WOLF: a much better situation.


WHITFIELD: All right, this presidential election has already charted new ground on both race and gender, so could party lines be next?

Senior political analyst Bill Schneider wonders, what if?


WILLIAM SCHNEIDER, CNN SR. POLITICAL ANALYST (voice-over): Both likely nominees promote their ability to reach across party lines.

OBAMA: It's not just going to be enough to have Democrats, we've got to reach out to Republicans. We got to reach out to Independents.

SEN. JOHN MCCAIN (R), PRESIDENTIAL CANDIDATE: I will ask Democrats to serve in my administration.

SCHNEIDER: Could either of them pick a running mate from the other party? Barack Obama would have to find an anti-war Republican, like Chuck Hagel, who is conveniently retiring from the Senate this year.

SEN. CHUCK HAGEL (R), NEBRASKA: We're bogged down in a deep hole in Iraq. And we're going to have to get out of that hole.

SCHNEIDER: John McCain would have to find a pro-war Democrat. Joe Lieberman calls himself an Independent Democrat.

SEN. JOE LIEBERMAN (I), CONNECTICUT: You got to put the future of the country, I believe, over party interests, and that's why I'm supporting the candidate John McCain.

SCHNEIDER: A bipartisan ticket, neat idea, huh? We asked an expert on the presidency.

STEPHEN HESS, BROOKINGS INSTITUTION: It's one of those ideas that gets floated by people who either haven't thought it through or people who just have too much time on their hands.

SCHNEIDER: The candidates might agree on Iraq, but differ on other issues like abortion. That could split the convention which has to vote on the nominee, and think of all the trouble it could cause in the campaign.

HESS: They run as a team and it turns out that there are dozens of dozens other things that they disagree on and in which the opposition shows that they disagree on.

SCHNEIDER: It's asking for trouble, and that's the one thing you don't need in a running mate.

(on camera): Since 1804 when presidents and vice presidents started getting elected as a ticket, has a major party presidential candidate ever named a running mate from the other party? Yes, once. The ticket won, too, but it was not a good experience.

When Republican President Abraham Lincoln ran for re-election in 1864, he chose a pro-union Southern Democrat, Andrew Johnson of Tennessee, as his running mate. Lincoln was murdered, Johnson became president and got impeached by the Republican Congress. Not a happy precedent.

Bill Schneider, CNN, Washington.


WHITFIELD: And perhaps you're looking for more on the presidential race. Well, join us for the CNN "BALLOT BOWL." It kicks off at 3:00 p.m. Eastern, 12:00 Pacific, right here on CNN, your home for politics.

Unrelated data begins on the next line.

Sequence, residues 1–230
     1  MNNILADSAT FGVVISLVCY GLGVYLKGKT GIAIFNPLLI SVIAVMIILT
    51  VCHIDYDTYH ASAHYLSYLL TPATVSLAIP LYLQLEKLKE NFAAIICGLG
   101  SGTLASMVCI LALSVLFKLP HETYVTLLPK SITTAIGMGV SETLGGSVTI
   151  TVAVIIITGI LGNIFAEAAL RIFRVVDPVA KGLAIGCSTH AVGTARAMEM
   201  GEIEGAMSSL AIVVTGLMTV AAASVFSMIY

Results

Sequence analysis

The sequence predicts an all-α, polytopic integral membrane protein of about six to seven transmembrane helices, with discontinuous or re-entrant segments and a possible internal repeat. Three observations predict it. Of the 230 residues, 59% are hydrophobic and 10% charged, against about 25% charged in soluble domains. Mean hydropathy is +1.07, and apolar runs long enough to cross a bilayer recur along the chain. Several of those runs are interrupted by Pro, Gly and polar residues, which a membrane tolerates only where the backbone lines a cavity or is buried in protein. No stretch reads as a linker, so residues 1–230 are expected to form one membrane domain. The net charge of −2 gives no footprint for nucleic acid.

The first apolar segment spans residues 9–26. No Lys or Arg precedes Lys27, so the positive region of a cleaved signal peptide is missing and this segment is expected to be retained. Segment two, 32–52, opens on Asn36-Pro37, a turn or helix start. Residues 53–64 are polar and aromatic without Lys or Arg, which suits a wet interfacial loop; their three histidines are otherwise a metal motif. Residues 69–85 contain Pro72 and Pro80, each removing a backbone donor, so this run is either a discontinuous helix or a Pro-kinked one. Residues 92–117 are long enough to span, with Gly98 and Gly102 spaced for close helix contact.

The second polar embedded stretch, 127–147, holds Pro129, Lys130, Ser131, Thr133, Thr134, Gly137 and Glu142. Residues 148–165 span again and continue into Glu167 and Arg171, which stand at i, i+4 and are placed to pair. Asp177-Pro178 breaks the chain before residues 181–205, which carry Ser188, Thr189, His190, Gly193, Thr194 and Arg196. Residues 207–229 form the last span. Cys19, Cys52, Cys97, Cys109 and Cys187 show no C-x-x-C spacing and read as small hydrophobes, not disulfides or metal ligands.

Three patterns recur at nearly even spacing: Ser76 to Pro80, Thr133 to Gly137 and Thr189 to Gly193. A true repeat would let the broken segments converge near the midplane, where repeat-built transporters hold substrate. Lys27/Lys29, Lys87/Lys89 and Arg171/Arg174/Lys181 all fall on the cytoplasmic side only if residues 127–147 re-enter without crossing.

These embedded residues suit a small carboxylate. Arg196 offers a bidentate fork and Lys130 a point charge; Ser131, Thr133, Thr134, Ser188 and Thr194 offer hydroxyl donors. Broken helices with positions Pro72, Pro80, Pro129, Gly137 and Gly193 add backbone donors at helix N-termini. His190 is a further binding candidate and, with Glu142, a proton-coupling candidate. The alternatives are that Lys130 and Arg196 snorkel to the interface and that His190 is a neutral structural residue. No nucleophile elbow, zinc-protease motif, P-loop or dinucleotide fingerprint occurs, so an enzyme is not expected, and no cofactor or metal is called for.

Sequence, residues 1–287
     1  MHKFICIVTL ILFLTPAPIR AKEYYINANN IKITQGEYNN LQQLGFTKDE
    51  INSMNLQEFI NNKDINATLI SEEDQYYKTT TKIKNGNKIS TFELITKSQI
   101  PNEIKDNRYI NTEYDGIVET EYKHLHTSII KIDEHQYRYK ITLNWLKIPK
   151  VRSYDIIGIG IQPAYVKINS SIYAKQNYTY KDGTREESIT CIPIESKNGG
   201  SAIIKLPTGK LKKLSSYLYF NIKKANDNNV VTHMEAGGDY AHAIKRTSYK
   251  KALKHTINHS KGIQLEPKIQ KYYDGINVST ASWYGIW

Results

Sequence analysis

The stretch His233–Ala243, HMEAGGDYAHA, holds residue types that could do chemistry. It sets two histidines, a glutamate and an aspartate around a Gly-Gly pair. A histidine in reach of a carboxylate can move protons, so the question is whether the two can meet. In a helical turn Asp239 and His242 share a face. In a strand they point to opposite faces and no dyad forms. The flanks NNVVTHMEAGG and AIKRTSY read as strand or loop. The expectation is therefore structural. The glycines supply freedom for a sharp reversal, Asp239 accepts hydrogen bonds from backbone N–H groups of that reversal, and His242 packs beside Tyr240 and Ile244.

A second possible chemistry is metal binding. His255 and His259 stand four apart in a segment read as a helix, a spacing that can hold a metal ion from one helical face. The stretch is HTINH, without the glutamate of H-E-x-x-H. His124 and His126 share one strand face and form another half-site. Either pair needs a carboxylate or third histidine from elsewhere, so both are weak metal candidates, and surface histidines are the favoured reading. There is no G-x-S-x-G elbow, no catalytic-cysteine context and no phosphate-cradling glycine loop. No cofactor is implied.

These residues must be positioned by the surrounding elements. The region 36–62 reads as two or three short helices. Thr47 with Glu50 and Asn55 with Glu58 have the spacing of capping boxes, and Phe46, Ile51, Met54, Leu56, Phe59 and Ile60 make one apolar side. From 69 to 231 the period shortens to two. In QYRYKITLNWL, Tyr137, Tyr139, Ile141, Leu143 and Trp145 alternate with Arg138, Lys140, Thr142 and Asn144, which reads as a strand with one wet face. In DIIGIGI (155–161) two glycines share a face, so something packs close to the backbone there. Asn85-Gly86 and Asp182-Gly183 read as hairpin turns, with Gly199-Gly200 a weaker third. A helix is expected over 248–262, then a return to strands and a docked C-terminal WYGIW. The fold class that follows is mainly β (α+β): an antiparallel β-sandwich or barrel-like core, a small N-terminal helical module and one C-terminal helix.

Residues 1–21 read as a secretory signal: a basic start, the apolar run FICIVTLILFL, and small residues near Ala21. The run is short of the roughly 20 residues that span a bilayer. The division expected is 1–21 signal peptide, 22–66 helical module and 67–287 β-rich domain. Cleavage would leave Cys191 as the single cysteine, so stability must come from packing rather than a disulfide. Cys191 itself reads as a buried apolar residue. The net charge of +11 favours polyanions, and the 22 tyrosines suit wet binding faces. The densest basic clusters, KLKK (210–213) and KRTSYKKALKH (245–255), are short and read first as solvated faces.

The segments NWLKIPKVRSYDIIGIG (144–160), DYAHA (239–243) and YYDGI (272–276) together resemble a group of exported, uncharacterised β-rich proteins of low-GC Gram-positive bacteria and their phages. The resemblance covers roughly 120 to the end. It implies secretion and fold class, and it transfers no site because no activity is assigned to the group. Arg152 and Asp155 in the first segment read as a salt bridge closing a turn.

All right, children of polygamy, they're at the center of a heated custody battle in Texas. And now, a break in the case. Our legal guys are standing by and ready to delve right in. Avery Friedman and Richard Herman join us right after this.



VERONICA DE LA CRUZ, CNN INTERNET CORRESPONDENT (voice-over): If you think traveling is already hectic, fasten your seat belt.

BEN MUTZABAUGH, USATODAY.COM: This summer probably will be bad for air travelers. And we're going to see a lot of people in airports, we're going to see some very full flights. And that means once there's a problem, these problems are going to ripple out across the country.

DE LA CRUZ: But try to keep your cool even when things don't go according to your itinerary.

MUTZABAUGH: First of all, try to pack your patience. I know it's a cliche, but really expect the worst and hope for the best. No matter how frustrated you are, be polite and courteous with whoever is helping you. It might make them a little more likely and able to help you.

DE LA CRUZ: And timing might be everything.

MUTZABAUGH: Take a morning flight. Airports tend to be a little less crowded in the morning. Consider what other airlines fly your routes. For example, Delta is partners with Continental and Northwest.

DE LA CRUZ: Experts also suggest booking non-stop flights and avoiding connections in places prone to severe weather conditions, like Dallas or Atlanta.




VOICE OF UNIDENTIFIED FEMALE: My brother Daniel, was in the military for a combined total of eight years. He was a sergeant with the U.S. Army. My brother was a very loyal person to his friends, to his family, to other soldiers. Everybody trusted him. I know that he's in a better place. They say God only takes the best, and I totally believe that, because my brother was the best.


WHITFIELD: Reunion in Texas, 12 children from a polygamist sect will now live with their mothers under state supervision. Child Protective Services wants the Texas Supreme Court to keep the other children, more than 400 of them, in foster care.

A lower court ruled the state had no proof of abuse, and no legal grounds to remove the children. Child Protective Services says it took the action after finding what it says was a quote, unquote "pervasive pattern of sexual abuse that put every child at the polygamist ranch at risk."

So, one court rules, the kids go here, another says the state has no right to take the kids. Let's see what our legal guys have to say about all this. Avery Friedman is a civil rights attorney and law professor, good to see you.


WHITFIELD: And Richard Herman is a New York criminal defense attorney and law professor. Good to see you as well.


WHITFIELD: OK, well, this is interesting, guys, because initially the sentiment was OK, potentially underaged young girls who were becoming mothers and wives. These young ladies were in protective custody and then suddenly, there were no charges after that early April raid. Then, became suspicion of is this really a case?

So Richard, what happened? Is this a case, and if not, how in the world did the raid end up leading to taking these children into protective custody in the first place?